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The Wednesday Report
Canada's Aerospace and Defence Weekly

Volume 8, Number 10 April 6, 1994

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NATO-mania has swept Europe. Poland has signed a cooperation agreement with Washington to assist that former Warsaw-Pact state develop armed forces trained and equipped in a manner consistent with NATO forces. Poland is frantic to become a full NATO member. Its defence minister Piotr Kolodziejczyk ended an earnest sales trip to Washington and Ottawa last week. Hungary and the Czech Republic are also on the bandwagon. Other nations are moving solidly in the same direction. And where does Russia stand in all this? Well, that politically unstable nation is unofficially furious. It sought and obtained a delay in the conversion of Eastern Europe into full NATO members. NATO's watered down "Partnership for Peace" plan was created in January to appease Moscow. Meanwhile, the whole world is looking to NATO to be all of, or part of, a solution to the Bosnia crisis. Clearly we are entering a new era for NATO — NATO-mania. A time when NATO will be the linchpin for peace. Meanwhile Canada is virtually backing out of the Alliance. Are we not moving in the wrong direction?


North Korea

As the world began to celebrate Easter, the U.N. Security Council issued a terse statement on North Korea's nuclear facilities after the U.S. and China reached an accord and obtained approval from the 15-member Council. Robert Gallucci, U.S. assistant secretary of state for political and military affairs, negotiated the statement in New York with China's deputy envoy, Chen Jian.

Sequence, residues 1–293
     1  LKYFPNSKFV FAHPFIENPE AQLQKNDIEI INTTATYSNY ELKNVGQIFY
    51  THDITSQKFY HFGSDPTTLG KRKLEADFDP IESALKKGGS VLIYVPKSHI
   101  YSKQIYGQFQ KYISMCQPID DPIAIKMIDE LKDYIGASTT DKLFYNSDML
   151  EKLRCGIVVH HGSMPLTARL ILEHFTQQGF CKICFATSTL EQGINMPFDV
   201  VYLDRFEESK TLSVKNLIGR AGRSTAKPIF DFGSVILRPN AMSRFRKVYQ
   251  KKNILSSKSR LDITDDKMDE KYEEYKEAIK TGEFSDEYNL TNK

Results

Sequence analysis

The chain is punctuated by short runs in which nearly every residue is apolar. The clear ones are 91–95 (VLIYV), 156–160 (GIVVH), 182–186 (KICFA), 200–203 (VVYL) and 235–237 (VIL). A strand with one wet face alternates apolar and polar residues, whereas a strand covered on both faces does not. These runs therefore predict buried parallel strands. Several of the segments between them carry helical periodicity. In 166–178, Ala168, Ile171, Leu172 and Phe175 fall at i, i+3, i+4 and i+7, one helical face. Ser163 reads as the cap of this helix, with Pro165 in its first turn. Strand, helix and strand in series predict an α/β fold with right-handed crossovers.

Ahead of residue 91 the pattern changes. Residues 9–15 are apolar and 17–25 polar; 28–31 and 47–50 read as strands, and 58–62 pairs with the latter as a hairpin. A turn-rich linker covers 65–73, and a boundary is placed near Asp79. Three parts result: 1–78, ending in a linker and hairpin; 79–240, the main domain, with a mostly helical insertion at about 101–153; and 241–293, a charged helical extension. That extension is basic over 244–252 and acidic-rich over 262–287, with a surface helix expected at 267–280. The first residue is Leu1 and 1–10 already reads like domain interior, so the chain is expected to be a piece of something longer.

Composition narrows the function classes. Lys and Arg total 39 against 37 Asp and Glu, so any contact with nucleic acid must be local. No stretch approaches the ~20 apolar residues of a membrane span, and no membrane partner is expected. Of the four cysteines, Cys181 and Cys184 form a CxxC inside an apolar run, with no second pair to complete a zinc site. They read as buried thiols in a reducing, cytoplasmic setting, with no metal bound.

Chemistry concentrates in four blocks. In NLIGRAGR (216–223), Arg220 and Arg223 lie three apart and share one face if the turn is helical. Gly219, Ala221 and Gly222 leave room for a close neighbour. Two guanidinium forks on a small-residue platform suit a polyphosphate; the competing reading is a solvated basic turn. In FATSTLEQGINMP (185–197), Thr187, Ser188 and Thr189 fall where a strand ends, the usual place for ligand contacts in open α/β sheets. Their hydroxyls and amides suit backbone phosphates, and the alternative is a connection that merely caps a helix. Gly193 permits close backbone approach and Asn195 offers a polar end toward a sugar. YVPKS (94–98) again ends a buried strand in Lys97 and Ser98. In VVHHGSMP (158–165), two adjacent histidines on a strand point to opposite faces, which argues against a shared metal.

One of the main concessions made to China was the removal of a deadline for North Korean compliance with the NPT inspection regime.

A tough-worded resolution (published last week in The Wednesday Report) was proposed by the U.S. China objected to it and the fear of a Chinese veto coupled with fear that abstensions by non-aligned Council members would weaken the resolution, led to the issue of a statement rather than the proposed resolution. Using blander language, the compromise statement (which follows) received unanimous Council endorsement.

"The Security Council recalls the statement made by the president of the Council on 8 April 1993 (S/25562) and its relevant resolution.

"The Council reaffirms the criticial importance of International Atomic Energy Agency (IAEA) safeguards in the implementation of the Treaty on the Non-Proliferation of Nuclear Weapons (the Treaty) and the contribution which progress in non-proliferation makes to the maintenance of international peace and security.

"The Council notes with deep appreciation the efforts of the director-general of the IAEA and the agency to implement the IAEA-Democratic People's Republic of Korea safeguards agreement (INFCIRC/403).

"The Council reaffirms the importance of the joint declaration by the Democratic People's Republic of Korea and the Republic of Korea (ROK) on the denuclearization of the Korean Peninsula, and of the parties to the declaration addressing the nuclear issue in their continuing dialogue.